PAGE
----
The Norwegian government faces soaring fiscal expenses next year but will not use its sovereign wealth fund to cover the shortfall as this could lead to higher inflation and interest rates, the finance ministry said.

Norway's $1.2 trillion wealth fund, the world's largest, invests proceeds from Norway's petroleum industry abroad, and the state aims to spend no more than 3% of its value in an average year.

"The spending of petroleum income must be reduced out of concern for the economy and the strong inflation," the finance ministry said in a statement released late on Sunday.

"Increased spending of petroleum revenue would put additional upwards pressure on inflation and the interest rate path, which could in turn result in higher unemployment."

Costs linked to welcoming refugees, ongoing public construction projects, benefit payments and household power subsidies will rise by some 100 billion crowns ($9.78 billion) in 2023 when compared to the original budget for 2022, it said.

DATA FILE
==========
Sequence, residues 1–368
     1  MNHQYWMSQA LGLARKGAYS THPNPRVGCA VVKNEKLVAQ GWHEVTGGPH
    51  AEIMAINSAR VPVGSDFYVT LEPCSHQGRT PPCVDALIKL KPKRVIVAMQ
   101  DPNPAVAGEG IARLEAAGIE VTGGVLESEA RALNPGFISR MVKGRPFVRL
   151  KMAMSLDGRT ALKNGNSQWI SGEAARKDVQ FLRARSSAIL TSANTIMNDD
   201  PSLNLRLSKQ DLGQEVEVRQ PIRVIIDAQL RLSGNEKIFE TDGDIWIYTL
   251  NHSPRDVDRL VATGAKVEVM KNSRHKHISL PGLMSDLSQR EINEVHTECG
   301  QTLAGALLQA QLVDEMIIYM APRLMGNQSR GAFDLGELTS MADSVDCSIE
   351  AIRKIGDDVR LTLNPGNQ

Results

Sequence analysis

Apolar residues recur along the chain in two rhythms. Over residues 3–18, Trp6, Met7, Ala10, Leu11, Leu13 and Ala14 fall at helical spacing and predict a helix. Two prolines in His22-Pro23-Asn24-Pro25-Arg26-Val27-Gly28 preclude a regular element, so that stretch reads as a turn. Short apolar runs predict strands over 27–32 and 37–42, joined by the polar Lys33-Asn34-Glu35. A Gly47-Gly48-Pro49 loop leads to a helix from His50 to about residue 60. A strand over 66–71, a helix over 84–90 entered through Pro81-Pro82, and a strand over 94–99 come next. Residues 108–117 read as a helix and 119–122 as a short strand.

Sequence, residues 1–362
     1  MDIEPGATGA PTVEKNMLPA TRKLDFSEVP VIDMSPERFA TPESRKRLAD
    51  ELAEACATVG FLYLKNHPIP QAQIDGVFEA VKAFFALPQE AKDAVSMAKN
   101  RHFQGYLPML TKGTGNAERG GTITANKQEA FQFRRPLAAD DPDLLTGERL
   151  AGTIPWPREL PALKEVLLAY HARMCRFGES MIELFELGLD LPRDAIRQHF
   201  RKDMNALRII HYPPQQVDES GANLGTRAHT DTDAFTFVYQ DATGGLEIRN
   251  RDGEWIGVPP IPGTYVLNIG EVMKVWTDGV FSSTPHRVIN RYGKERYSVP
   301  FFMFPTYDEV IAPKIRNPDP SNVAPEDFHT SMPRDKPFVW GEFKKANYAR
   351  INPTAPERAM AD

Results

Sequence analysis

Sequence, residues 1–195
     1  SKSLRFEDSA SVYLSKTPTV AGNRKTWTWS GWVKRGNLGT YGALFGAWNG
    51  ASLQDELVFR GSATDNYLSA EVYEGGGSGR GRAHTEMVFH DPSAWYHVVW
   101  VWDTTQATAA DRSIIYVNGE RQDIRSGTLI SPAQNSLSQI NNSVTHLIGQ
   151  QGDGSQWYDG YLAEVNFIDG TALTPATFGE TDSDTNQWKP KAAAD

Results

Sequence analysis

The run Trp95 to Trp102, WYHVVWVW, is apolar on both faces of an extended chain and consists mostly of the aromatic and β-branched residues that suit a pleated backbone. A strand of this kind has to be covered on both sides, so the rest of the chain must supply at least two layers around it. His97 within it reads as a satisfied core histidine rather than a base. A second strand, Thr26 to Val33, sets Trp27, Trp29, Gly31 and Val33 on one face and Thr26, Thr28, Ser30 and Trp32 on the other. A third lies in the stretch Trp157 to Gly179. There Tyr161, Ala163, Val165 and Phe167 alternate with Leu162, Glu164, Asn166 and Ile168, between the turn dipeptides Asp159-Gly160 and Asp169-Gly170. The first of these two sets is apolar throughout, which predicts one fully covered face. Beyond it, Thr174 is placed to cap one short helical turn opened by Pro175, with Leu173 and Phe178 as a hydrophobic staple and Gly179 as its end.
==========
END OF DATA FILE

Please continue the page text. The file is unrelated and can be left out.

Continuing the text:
The government's revenue from taxes and other sources of income outside of the oil industry will rise far less, leaving a gap of tens of billions of crowns, it added.

How this gap will be bridged will be unveiled when the government presents its 2023 budget on Oct. 6, it added.

Norway's minority centre-left government must seek support in parliament for its budget proposal from the Socialist Left Party, which favours higher taxes. ($1 = 10.2256 Norwegian crowns) (Reporting by Terje Solsvik, editing by Gwladys Fouche)